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MOBILIZE BOARD CERTIFIED FOOT CARE NURSE TO PREVENT WOUNDS
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Journal of Nursing & Care

ISSN: 2167-1168

Open Access

MOBILIZE BOARD CERTIFIED FOOT CARE NURSE TO PREVENT WOUNDS


Global Wound Care Congress

September 12-13, 2016 San Antonio, USA

Michele Burdette-Taylor

University of Alaska Anchorage, USA

Scientific Tracks Abstracts: J Nurs Care

Abstract :

The aim of this initiative is to prepare and mobilize certified foot and nail care nurses to lead research, education and facilitate intervention in an effort to reduce the number of injuries of the lower extremity that lead to amputation/s, morbidity and mortality. Approximately 45-60% of foot ulcers are related to Loss Of Protective Sensation (LOPS) with another 45% having combined LOPS and Lower Extremity Arterial Disease (LEAD) of people with diabetes. Approximately 50-80% of all non-traumatic amputations are diabetes-related complications. The presence of a foot wound is the number one reason for readmission into the hospital for people with diabetes. Board certified foot care nurses are specialized in hygiene, assessment, intervention to include skin & nail care, education, and referral. The newly-enacted Medicare programs focus on preventative care and encourage certified foot and nail care nurses├ó┬?┬? opportunity to assume a key role in reducing the cost impact of care for people with diabetes, arthritis and Lower Extremity Arterial Disease (LEAD). A focus on foot care leads to an increase in referrals for therapeutic shoes, use of over-the-counter compression socks and access to care for the older population having difficulty with mobility, sight, and/or cognitive ability. Focusing on the feet allows for a comprehensive foot exam annually to establish risk and a determination of frequency thereafter. On-going education is also preventative. Foot care nurses provide care on a structured schedule and have opportunities to be proactive in prevention with interventions, observations, education and referrals. The importance of repeated and on-going education of patients with potential complications and to remind them to inspect their feet daily ensures that at the first sign of an injury (no matter how minor) it is reported before the injury becomes serious and expensive.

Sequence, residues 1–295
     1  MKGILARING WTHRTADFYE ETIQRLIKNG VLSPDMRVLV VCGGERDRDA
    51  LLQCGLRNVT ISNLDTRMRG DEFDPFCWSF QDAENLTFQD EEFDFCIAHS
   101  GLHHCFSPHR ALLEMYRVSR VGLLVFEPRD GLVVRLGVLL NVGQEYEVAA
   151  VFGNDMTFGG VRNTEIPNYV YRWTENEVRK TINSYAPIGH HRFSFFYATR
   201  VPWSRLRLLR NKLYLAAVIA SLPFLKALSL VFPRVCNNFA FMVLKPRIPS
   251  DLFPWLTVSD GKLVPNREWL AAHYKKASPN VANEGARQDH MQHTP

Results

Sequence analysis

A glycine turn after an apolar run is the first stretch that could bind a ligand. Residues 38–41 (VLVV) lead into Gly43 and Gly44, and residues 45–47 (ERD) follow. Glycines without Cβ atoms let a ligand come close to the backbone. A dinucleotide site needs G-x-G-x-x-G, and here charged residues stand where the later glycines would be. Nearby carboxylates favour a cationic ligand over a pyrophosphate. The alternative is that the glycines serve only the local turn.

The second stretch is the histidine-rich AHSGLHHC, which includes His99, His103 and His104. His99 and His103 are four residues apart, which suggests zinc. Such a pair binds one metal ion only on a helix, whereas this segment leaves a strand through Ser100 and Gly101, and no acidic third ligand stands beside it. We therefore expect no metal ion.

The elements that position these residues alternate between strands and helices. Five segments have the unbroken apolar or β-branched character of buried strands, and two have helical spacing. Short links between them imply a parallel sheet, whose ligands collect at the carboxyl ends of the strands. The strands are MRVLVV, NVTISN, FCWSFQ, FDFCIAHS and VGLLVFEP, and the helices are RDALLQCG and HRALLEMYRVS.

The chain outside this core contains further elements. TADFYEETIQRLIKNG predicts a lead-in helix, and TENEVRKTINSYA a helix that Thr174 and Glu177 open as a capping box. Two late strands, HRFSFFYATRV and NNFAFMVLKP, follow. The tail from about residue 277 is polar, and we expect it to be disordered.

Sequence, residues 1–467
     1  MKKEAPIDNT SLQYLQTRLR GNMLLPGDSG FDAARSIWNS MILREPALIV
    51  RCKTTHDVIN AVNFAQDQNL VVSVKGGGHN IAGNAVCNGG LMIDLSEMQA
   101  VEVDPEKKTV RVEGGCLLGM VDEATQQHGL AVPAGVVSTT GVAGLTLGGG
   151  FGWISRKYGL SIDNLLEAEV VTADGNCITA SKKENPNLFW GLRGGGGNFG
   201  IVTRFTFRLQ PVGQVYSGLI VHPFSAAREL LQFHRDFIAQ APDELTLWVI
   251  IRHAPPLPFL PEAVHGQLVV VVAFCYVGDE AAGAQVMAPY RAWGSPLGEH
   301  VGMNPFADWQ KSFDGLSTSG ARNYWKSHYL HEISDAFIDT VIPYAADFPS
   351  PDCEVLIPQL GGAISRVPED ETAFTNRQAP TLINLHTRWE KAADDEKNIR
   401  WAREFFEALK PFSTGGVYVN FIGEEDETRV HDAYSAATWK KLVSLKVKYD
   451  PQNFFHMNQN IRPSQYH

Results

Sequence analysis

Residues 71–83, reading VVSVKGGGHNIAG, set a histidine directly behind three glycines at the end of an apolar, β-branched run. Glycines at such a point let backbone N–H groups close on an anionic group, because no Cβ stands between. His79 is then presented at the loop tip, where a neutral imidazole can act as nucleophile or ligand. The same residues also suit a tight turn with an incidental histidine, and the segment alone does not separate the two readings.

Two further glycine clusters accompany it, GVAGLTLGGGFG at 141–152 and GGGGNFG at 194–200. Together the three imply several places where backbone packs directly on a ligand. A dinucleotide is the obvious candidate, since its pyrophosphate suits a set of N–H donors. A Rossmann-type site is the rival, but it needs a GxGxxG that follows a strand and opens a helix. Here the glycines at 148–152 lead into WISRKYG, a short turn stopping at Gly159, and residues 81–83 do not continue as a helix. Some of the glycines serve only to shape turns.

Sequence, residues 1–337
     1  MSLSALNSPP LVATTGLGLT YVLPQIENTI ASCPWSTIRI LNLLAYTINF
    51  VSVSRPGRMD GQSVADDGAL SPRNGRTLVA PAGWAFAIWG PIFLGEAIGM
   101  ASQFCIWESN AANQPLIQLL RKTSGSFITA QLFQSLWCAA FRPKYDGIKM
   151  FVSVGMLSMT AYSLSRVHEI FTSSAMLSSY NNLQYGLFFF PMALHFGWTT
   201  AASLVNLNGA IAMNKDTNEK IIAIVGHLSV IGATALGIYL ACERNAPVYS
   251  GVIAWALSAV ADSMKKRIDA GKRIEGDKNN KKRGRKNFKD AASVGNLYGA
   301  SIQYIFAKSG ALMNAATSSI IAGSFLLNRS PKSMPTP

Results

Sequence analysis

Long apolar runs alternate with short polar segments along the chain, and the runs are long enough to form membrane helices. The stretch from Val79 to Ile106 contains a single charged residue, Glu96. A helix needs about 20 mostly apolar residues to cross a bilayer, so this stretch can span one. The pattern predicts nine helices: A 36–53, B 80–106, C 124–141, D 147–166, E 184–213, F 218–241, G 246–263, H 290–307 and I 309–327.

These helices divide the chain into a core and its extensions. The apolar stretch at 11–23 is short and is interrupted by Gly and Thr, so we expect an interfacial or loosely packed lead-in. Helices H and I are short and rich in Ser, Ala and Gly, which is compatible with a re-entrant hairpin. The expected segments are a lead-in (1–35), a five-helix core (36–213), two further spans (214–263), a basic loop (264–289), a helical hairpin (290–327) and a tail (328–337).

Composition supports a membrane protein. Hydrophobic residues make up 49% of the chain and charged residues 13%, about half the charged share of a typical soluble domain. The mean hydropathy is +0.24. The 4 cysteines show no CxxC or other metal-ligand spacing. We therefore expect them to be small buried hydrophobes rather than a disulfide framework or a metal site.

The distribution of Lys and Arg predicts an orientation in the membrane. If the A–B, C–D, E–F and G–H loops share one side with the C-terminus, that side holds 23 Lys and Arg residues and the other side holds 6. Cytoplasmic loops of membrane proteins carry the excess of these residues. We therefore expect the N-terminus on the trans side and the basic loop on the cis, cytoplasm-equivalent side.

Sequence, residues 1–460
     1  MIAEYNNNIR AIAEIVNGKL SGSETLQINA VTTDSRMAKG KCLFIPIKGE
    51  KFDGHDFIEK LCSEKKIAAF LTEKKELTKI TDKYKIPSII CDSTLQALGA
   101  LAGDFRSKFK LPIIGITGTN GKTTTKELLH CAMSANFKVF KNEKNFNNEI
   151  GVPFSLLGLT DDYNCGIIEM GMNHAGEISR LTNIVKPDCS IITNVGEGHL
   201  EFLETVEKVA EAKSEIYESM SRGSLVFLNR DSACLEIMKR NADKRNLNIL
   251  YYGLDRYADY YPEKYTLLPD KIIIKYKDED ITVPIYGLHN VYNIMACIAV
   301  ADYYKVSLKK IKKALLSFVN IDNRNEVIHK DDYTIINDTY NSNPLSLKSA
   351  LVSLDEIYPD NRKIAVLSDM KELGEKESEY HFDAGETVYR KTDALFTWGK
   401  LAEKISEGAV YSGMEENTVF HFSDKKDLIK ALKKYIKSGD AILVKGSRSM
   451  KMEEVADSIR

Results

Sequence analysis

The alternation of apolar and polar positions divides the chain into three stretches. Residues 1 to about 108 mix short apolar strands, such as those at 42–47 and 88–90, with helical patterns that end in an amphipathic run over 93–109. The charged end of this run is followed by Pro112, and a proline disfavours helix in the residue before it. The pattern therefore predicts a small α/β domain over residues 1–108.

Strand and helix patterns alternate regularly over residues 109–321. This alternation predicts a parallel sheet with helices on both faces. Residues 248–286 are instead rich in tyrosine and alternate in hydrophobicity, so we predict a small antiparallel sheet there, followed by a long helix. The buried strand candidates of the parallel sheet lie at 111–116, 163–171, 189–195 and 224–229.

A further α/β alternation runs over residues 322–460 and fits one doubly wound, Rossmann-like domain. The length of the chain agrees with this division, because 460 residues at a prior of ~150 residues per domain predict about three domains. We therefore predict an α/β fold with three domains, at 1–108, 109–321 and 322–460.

Biography :

Michele Burdette-Taylor has completed her PhD at the University of San Diego in California. She is an assistant professor at the University of Alaska Anchorage. She teaches undergraduate and graduate courses in community health, foot care and wound care for the college of health, school of nursing and physician assistant program. She has published numerous skin, wound, pressure ulcer and foot care articles. Her most recent publication was a chapter for the new Wound Ostomy Continence Nurses Core Curriculum for Wound Care for entitled Foot and Nail Care.

Email: mrburdettetaylor@uaa.alaska.edu

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